Biography of Benjamin C. Sanborn
Cottonwood and Watonwan Counties, MN Biographies

This biographical memoir has to do with a pioneer character of unusual force, for the late Benjamin C. Sanborn, whose life chapter has been closed by the fate that awaits all, was for a number of years one of the influential citizens of Watonwan county, having come to this section in the frontier days, and assisted in bringing about the transformation of the country from the wild condition found by the first settlers, to its latter day progress and improvement.

Benjamin C. Sanborn was born in Lowell, Massachusetts, in 1844, and was a son of David and Frances (Cressey) Sanborn, both natives of that city also, where they grew up, were educated and married, later moving to New Hampshire, thence to Minnesota, locating in St. Paul about 1856. In that city B. C. Sanborn carried the first newspaper published in St Paul - The Pioneer. David Sanborn later moved with his family to near Owatona, where he and his wife spent the rest of their lives, he working at his trade of stone mason and also engaged in farming.

Benjamin C. Sanborn received his education in the public schools, and was a member of the first class of Carleton College, of Northfleld, Minnesota. When the Civil War came on, he enlisted in Company A, Tenth Minnesota Volunteer Infantry and served gallantly throughout the war, part of his service being against the Indians. After the war he entered the newspaper business at Northfield, Minnesota, in partnership with a Mr. Wheaton, remaining there until the spring of 1871, when he came to Madelia and started The Times, the first newspaper in Watonwan county. He continued to publish the same successfully until the spring of 1899, when he retired and continued to live in Madelia, where he spent the rest of his life, dying in 1906. His wife preceded him to the grave in 1892. Before marriage, she was Martha A. Young, and was a daughter of William Young, a Methodist clergyman of Iowa. Mr. and Mrs. Sanborn were married in 1871. To their union the following children were born: Frances L., William Y., Jessie M. (deceased), and Eva A. Benjamin C. Sanborn was a member of the Presbyterian church. His wife was a Methodist.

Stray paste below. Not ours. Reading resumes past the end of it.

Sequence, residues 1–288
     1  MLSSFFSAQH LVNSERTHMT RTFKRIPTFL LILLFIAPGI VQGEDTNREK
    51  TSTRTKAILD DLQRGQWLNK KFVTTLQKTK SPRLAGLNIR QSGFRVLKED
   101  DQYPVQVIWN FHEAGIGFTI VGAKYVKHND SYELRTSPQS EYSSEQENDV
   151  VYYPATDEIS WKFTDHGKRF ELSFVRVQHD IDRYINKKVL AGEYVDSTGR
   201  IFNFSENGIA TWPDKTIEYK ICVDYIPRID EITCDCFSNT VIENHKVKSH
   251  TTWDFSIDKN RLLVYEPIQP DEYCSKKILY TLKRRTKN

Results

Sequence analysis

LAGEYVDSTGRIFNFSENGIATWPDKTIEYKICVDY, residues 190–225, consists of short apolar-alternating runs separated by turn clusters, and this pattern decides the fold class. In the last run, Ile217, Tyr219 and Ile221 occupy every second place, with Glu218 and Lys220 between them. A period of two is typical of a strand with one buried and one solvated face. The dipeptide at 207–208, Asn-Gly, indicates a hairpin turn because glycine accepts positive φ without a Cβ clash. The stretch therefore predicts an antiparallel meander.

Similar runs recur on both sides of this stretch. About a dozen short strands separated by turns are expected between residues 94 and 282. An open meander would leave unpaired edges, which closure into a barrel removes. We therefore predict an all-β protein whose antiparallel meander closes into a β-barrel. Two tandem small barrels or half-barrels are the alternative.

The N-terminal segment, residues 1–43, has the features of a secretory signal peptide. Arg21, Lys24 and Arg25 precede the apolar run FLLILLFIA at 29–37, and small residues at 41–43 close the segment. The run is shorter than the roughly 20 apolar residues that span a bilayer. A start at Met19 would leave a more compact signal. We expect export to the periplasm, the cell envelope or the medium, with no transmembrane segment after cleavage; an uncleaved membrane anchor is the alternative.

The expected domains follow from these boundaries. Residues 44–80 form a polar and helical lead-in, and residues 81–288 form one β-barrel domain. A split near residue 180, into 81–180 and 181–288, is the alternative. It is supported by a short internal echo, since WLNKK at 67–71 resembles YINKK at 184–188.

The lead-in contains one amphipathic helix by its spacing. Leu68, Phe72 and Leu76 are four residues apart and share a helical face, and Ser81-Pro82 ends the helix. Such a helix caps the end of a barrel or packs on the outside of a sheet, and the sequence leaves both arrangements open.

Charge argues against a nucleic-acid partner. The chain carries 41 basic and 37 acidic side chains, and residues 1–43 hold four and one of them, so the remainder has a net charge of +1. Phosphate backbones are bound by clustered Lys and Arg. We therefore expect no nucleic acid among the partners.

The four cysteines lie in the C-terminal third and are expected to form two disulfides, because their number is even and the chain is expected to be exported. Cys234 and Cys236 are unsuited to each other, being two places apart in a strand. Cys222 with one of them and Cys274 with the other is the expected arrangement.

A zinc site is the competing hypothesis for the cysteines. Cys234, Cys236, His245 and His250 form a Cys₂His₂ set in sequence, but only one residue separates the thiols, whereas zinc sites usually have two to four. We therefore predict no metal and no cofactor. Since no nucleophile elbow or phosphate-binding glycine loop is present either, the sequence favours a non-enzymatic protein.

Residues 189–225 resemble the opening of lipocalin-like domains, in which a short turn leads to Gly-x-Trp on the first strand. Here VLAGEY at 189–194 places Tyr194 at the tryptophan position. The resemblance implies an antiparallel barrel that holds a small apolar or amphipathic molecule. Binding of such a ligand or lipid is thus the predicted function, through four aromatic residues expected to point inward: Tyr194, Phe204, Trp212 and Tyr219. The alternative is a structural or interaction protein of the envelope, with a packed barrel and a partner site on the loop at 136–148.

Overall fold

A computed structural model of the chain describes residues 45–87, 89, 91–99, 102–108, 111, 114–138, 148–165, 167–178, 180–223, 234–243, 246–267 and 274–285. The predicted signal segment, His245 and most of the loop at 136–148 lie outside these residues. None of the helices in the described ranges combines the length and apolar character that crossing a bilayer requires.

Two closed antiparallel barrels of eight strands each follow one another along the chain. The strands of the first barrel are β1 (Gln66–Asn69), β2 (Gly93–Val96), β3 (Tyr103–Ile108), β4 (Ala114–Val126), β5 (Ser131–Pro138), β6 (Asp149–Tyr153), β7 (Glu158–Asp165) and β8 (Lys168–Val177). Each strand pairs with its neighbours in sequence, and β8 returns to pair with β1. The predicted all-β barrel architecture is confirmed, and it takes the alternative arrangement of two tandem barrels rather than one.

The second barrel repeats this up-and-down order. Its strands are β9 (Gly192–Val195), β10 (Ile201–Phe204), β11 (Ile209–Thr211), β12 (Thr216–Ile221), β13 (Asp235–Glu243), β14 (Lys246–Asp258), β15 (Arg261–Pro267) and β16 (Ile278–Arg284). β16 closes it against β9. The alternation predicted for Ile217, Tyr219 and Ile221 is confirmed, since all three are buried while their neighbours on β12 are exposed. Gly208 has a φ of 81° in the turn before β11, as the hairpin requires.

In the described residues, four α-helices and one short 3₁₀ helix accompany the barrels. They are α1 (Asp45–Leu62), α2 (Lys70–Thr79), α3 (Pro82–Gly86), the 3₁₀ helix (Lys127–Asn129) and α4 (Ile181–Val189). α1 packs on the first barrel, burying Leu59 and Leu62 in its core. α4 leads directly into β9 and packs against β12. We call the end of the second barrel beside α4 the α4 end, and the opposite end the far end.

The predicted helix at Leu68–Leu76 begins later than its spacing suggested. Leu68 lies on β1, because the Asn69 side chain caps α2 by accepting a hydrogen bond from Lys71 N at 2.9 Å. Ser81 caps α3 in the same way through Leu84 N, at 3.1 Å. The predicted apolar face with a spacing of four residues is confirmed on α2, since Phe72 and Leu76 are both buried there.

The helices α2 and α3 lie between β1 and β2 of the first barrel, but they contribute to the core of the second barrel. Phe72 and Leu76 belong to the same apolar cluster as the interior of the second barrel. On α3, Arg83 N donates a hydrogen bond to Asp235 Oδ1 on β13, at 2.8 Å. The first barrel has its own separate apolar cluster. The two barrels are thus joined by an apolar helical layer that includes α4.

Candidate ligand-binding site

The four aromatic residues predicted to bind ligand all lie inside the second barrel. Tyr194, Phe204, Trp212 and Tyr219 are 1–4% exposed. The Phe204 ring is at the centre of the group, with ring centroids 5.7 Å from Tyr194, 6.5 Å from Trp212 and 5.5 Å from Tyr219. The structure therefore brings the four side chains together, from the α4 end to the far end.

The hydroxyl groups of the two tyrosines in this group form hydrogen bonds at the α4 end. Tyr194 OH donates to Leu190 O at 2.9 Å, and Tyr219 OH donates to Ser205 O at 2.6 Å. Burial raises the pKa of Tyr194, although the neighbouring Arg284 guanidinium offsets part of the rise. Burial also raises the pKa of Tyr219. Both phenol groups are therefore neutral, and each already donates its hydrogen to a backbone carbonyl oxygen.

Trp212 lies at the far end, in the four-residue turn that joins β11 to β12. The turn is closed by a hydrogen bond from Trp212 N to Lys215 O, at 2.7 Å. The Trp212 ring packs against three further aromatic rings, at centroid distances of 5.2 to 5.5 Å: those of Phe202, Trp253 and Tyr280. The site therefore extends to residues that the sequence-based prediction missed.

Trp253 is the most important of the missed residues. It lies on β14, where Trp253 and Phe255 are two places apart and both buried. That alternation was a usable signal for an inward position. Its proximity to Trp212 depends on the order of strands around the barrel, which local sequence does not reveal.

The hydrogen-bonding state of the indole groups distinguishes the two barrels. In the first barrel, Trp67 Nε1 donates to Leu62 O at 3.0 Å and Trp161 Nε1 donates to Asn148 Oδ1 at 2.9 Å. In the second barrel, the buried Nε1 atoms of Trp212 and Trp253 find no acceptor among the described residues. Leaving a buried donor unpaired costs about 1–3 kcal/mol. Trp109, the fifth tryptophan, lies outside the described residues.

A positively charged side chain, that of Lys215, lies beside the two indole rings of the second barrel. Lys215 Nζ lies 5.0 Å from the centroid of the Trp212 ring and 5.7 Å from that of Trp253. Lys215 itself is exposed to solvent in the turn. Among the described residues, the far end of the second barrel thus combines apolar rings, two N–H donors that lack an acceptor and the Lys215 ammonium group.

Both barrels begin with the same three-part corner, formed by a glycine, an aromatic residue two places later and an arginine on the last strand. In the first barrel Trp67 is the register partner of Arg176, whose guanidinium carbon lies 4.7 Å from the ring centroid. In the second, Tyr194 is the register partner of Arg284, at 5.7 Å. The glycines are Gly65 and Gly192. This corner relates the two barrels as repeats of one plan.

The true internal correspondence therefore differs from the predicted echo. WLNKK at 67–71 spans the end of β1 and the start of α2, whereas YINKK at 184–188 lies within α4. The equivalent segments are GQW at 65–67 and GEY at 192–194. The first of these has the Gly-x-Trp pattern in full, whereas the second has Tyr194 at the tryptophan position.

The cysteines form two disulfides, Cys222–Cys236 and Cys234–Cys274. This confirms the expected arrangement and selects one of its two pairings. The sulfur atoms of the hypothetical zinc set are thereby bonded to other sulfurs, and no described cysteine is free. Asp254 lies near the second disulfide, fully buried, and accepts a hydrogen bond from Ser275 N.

William Y. Sanborn, publisher, of Madelia, was born in 1876 in that town, and there he grew up and attended the public schools, later was a student in Central high school of St. Paul for one year, also studied three years at Carlton College, which he left in the spring of 1899 to take charge of his father's newspaper, which he continued to manage with success until the spring of 1904. He served in Company B, Twelfth Minnesota Volunteer Infantry, as a private, in the Spanish American war. However, he did not get to the front, being stationed at Chickamauga and other southern points. After leaving Madelia in 1904 he went to Spokane, Washington, and other western towns, continuing newspaper work in the state of Washington until 1915, when he returned to Madelia and started The News, which he is still publishing. Mr. Sanborn was married in Topeka, Kansas, in 1906, to Gertrude Cies. Fraternally, he belongs to the Benevolent and Protective Order of Elks.

History of Cottonwood and Watonwan Counties
Their People, Industries and Institutions
John A. Brown, Editor in Chief
B. F. Bowen and Company, Inc.
Indianapolis, Indiana

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Also see Railway Officials in America 1906